Cisco DLSw Leakage Allows Retrieval of Packet Contents from Remote Routers
In early 2014, we, Tate Hansen and John McLeod, were on a mission, sent by our Pwnfather Patrick Fleming (who taught us everything we know, including things unmentionable in this post) to the dark corners of a secure environment deep within the massive infrastructure of one of the world’s most complex networks.
That’s where we discovered that several of their Cisco Routers had a listening TCP service on port 2067 that would emit information immediately upon establishing a connection.
We observed that the initial bytes always seemed to change when establishing new connections. Intrigued, we wrote a quick bash loop to continually connect and capture the output; then take the output and pipe it through UNIX strings.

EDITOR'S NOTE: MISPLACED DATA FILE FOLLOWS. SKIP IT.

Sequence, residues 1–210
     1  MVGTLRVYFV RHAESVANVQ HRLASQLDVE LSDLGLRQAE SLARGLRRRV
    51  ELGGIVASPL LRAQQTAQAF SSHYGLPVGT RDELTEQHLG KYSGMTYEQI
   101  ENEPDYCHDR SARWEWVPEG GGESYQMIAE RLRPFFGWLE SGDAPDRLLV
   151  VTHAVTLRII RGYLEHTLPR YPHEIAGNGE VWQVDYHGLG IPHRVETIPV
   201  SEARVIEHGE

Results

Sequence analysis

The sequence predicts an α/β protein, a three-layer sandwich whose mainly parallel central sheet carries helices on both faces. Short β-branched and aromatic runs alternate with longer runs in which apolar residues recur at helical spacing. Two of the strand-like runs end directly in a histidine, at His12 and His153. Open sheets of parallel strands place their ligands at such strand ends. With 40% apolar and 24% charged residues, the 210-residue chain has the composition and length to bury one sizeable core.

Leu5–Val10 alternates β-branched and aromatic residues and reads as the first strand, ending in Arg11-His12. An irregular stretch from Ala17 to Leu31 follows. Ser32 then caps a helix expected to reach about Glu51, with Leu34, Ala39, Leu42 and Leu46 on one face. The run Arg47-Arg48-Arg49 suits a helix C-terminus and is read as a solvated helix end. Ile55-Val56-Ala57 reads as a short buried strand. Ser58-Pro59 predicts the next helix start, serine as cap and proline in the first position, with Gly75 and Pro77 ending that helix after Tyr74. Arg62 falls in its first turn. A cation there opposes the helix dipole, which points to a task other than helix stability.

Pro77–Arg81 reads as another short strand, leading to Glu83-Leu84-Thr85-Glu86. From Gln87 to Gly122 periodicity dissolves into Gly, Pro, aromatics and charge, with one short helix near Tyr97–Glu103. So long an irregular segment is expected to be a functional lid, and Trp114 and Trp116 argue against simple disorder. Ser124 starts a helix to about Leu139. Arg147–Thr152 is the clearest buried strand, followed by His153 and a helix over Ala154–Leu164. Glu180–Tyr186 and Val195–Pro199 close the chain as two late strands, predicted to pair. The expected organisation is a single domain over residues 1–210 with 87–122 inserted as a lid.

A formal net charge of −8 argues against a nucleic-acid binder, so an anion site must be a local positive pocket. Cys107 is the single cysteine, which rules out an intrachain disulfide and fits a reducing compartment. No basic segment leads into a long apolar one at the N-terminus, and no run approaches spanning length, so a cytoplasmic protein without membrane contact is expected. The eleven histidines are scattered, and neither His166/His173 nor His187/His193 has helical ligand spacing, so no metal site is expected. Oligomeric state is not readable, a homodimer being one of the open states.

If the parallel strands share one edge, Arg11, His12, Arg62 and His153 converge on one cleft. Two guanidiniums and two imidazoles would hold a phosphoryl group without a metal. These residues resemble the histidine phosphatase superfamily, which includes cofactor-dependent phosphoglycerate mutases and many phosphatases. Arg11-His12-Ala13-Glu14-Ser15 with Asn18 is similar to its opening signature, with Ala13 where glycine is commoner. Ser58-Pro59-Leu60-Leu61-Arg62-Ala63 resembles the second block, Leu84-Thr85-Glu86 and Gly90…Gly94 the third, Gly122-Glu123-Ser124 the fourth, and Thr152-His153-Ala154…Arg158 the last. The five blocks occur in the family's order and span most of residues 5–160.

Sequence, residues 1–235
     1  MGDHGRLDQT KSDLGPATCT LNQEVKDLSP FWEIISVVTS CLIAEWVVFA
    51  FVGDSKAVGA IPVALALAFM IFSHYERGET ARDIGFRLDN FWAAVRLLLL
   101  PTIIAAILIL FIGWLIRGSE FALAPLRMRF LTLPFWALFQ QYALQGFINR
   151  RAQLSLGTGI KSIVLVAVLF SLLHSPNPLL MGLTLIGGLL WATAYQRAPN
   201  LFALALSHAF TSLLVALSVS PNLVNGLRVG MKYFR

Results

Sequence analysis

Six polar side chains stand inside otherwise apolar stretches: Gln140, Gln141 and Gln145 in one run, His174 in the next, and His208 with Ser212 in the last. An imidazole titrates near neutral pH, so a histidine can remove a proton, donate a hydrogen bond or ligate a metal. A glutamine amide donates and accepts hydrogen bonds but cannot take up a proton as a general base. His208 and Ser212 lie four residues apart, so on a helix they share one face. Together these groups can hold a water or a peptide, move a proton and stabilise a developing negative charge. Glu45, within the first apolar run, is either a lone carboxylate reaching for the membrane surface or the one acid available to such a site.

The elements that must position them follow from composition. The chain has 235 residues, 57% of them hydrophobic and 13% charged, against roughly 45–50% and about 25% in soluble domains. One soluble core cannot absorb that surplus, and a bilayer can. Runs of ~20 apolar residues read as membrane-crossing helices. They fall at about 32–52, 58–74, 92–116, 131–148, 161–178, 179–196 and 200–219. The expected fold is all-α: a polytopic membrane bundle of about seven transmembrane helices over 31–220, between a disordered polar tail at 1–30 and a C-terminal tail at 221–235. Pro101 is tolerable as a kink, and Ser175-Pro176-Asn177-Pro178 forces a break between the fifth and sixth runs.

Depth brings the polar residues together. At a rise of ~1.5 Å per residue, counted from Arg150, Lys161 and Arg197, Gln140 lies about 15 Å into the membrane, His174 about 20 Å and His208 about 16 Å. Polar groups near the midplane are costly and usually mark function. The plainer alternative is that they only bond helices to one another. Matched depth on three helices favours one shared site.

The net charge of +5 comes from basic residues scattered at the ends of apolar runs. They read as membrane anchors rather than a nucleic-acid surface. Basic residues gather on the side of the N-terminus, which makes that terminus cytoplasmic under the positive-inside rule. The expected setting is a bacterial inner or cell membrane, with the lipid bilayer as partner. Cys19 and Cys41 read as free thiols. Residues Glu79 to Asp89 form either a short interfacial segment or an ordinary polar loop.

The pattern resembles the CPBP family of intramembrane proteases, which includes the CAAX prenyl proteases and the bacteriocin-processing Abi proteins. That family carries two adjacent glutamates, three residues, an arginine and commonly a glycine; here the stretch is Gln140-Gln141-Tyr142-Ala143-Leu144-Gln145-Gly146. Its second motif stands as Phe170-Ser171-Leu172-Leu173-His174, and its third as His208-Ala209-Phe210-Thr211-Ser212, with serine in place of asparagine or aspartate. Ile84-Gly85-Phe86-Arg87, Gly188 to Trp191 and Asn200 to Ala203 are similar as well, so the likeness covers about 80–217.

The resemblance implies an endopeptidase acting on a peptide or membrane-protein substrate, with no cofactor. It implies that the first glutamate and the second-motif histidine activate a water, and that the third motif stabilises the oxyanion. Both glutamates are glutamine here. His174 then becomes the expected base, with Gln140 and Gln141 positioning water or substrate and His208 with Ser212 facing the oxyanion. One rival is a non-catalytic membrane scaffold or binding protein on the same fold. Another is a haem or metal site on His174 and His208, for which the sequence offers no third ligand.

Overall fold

Lo’ and behold, we started seeing strings like product names and point-of-sale data. After confirming the protocol as Data-Link Switching (DLSw), we narrowed the range of the interesting data to 54 bytes contained within a DLSw Control Message Header. The information leaked started at offset 18, the WireShark dissector labeled the fields in this range as “Not used” and “Old message type.”
To accelerate the collection of data, we used the following Ruby script:
What did this score for us? Gold. In particular, SNMP RW community strings. That plus account names, SQL query fragments, session cookie fragments, LDAP query fragments and much more.
Surprisingly this was publicly unknown, but in any case, Cisco was unaware of it until their public announcement on November 17, 2014 when they published Cisco IOS DLSw Information Disclosure Vulnerability.
Even though the CVSS score is 5.0, the vulnerability allows a remote and unauthenticated network attacker to retrieve the partial contents of packets traversing Cisco routers that are configured to run the DLSw protocol.
To download the tools to exploit this go to https://github.com/tatehansen/dlsw_exploit.